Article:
Ea­gles so­ci­ety marks its 50th an­niver­sary

CHB Mail - - NEWS -


If the late Glad­stone Wil­son was around to­day he would have been im­mensely proud of what the Ea­gles So­ci­ety of Hawke’s Bay Inc has achieved, says his son, Stuart Wil­son.

“He was very proud of be­long­ing to the Ea­gles so­ci­ety and I’ve still got his blaz­ers,” said Stuart after the Hal­berg Dis­abil­ity Sport Foun­da­tion marked the 50th an­niver­sary of its as­so­ci­a­tion with the Ea­gles Golf­ing So­ci­ety of New Zealand (Inc) Bay branch with a morn­ing tea and round of golf at the Waipuku­rau Golf Club last month.

Glad­stone Wil­son was the first Hawke’s Bay rep­re­sen­ta­tive of the so­ci­ety in 1964 after a meet­ing at Wairakei, Taupo, had dis­cussed the con­cept of a na­tional so­ci­ety the year be­fore.

In 1980, the HB branch be­gan stag­ing an an­nual tour­na­ment to sup­port its na­tional body, which in turn had been sup­port­ing the Hal­berg foun­da­tion since 1969.

The tour­ney is played at the Napier Golf Club and this year the HB so­ci­ety will host its 40th. To date, it has raised $352,260 for the Hal­berg foun­da­tion, which Olympian Sir Mur­ray Hal­berg es­tab­lished in 1963 with the aim of en­hanc­ing the lives of phys­i­cally dis­abled New Zealan­ders by en­abling them to par­tic­i­pate in sport and recre­ation.

Glad­stone Wil­son, who won the Waipuku­rau club cham­pi­onship about eight times — the most any­one has — was ded­i­cated to golf.

“He used to smoke his pipe,” says 70-year-old Stuart, who em­u­lated his fa­ther’s feat in be­com­ing a scratch hand­i­cap­per.

“Ev­ery­one used to say as long as his pipe was lit and he was puff­ing out smoke he was pretty re­laxed,” he says.

Glad­stone Wil­son went on to be­come the in­au­gu­ral pres­i­dent of the HB branch, some­thing Stuart wasn’t aware of un­til branch sec­re­tary Jamie MacLeod had in­vited him two years ago to present a few awards at the an­nual tour­ney.

Stuart, a semi-re­tired crop­ping and live­stock farmer, still farms a stone’s throw away from the Waipuku­rau club and he re­calls when his fa­ther owned and farmed the prop­erty di­rectly op­po­site the club.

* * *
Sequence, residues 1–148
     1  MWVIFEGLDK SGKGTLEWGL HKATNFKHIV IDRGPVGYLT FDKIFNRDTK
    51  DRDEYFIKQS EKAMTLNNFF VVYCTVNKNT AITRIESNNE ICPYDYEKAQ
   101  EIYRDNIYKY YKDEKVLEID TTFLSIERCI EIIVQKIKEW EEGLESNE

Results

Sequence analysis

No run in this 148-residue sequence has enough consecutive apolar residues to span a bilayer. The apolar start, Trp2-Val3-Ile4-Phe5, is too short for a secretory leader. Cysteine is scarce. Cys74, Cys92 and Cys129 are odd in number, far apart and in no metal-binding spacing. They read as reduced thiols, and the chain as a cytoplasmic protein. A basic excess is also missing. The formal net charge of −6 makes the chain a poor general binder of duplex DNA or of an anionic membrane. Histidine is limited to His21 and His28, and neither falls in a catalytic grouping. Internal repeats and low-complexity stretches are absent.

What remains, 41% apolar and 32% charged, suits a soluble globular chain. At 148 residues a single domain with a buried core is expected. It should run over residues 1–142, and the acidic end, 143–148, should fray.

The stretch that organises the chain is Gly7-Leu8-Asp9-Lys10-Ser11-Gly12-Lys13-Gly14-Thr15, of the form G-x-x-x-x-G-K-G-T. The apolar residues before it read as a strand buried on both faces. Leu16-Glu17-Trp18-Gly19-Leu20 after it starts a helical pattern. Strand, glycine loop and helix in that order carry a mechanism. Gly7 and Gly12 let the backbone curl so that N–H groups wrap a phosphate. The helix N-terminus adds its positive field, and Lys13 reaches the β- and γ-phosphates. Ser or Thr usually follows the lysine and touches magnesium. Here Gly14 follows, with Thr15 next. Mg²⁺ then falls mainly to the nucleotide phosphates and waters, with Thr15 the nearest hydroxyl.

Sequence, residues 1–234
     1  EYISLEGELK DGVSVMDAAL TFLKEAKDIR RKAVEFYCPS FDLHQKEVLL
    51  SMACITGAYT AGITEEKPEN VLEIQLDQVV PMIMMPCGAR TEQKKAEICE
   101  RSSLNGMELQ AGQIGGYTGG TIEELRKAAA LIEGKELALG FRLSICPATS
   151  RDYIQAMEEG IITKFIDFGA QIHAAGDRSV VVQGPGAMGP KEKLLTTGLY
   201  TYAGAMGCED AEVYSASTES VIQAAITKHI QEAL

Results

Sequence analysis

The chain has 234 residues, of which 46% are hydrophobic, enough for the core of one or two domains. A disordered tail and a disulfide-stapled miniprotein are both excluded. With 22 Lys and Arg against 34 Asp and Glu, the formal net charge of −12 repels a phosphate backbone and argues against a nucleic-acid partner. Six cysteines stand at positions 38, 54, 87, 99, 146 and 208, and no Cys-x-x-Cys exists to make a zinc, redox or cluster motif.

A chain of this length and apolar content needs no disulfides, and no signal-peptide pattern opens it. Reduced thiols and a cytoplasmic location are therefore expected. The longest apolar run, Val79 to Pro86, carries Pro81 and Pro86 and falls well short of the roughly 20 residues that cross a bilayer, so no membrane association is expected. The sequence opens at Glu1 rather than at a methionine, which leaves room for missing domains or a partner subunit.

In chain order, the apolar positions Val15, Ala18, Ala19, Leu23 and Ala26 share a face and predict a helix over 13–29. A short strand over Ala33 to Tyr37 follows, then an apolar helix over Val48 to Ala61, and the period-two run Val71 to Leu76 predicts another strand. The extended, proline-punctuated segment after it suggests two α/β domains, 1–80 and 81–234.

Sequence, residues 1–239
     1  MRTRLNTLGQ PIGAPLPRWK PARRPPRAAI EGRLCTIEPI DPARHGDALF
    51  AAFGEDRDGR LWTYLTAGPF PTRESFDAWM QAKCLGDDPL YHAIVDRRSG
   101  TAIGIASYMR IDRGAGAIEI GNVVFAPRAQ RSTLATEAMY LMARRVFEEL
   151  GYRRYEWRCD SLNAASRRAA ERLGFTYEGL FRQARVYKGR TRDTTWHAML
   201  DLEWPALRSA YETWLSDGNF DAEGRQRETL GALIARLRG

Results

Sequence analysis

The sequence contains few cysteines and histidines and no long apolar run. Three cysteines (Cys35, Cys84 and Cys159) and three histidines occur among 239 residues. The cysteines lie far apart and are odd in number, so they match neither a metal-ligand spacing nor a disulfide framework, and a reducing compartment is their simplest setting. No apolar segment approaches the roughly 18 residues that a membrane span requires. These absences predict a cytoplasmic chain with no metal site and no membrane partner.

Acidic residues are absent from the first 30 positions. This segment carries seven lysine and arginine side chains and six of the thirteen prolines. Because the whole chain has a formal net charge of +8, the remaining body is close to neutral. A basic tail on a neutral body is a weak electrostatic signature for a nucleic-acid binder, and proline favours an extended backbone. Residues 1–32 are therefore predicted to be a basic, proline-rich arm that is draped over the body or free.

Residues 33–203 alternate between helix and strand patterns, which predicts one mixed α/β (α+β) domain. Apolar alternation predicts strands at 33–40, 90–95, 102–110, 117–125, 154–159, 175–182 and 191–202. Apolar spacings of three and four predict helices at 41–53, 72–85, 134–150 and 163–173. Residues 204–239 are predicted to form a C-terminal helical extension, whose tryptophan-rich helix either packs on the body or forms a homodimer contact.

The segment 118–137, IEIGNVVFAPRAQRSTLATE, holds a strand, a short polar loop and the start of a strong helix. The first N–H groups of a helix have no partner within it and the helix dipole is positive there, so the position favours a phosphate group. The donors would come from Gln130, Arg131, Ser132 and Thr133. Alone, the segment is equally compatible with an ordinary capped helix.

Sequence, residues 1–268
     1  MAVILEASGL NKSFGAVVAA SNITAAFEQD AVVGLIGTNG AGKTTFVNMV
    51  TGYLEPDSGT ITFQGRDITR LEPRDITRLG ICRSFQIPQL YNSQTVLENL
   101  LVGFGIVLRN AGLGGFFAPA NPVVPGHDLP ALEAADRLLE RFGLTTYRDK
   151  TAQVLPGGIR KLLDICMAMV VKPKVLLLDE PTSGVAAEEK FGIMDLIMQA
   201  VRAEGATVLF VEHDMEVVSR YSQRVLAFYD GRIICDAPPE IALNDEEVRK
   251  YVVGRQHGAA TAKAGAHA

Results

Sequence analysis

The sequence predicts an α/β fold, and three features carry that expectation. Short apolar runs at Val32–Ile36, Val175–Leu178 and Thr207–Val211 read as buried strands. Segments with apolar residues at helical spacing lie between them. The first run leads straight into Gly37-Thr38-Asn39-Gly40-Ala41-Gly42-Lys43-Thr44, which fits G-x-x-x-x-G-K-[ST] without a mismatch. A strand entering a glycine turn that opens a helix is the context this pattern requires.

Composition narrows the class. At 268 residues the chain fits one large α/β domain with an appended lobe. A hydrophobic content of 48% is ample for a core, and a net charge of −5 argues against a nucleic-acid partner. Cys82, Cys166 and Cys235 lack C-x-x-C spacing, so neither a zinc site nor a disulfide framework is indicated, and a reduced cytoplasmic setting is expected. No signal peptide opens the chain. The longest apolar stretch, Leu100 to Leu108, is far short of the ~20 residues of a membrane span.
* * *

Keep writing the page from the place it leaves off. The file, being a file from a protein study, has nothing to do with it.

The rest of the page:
“I could walk across the road and play golf,” say Stuart, adding that his fa­ther would prob­a­bly have too.

“If you had had a bad shot you could have prob­a­bly ended up in one of our pad­docks.”

The Hal­berg foun­da­tion has a team of ad­vis­ers based through­out the coun­try who con­nect phys­i­cally dis­abled peo­ple with sport and recre­ational op­por­tu­ni­ties.

Bran­don Wool­ley, the Welling­ton/ Hawke’s Bay ad­viser, thanked the HB so­ci­ety at the func­tion last month.

The foun­da­tion pro­vides grants to phys­i­cally dis­abled young peo­ple to help cover the costs of adap­tive sports equip­ment, les­sons and camps. The NZ Ea­gles so­ci­ety raises funds for the grants and it is an­tic­i­pated $5 mil­lion will have been raised by the end of this year.

The Ea­gles’ con­cept was first con­sid­ered in 1956 when nine Auck­land men felt that they should be putting some­thing back into golf. Twenty men held an in­for­mal meet­ing and the name Ea­gle was adopted.

Ea­gles so­ci­ety na­tional pres­i­dent David Howie and na­tional sec­re­tary/ trea­surer Jeremy Bal­lan­tyne, both of HB, also were among the in­vited grant re­cip­i­ents and guests.

The na­tional body com­prises 15 re­gions with 104 mem­bers, com­pris­ing ac­tive, non-ac­tive and honorary af­fil­i­ates. The non-profit so­ci­ety also helps Bay clubs with vis­its, na­tional am­a­teur cham­pi­onships in­volv­ing men, women and ju­niors, pro­motes ju­nior golf in the prov­ince.


The Ea­gles Golf­ing So­ci­ety of Hawke’s Bay Inc mem­bers gath­ered at Waipuku­rau Golf Club to mark its 50th an­niver­sary of as­so­ci­a­tion with the Hal­berg Dis­abil­ity Sport Foun­da­tion last Sun­day.

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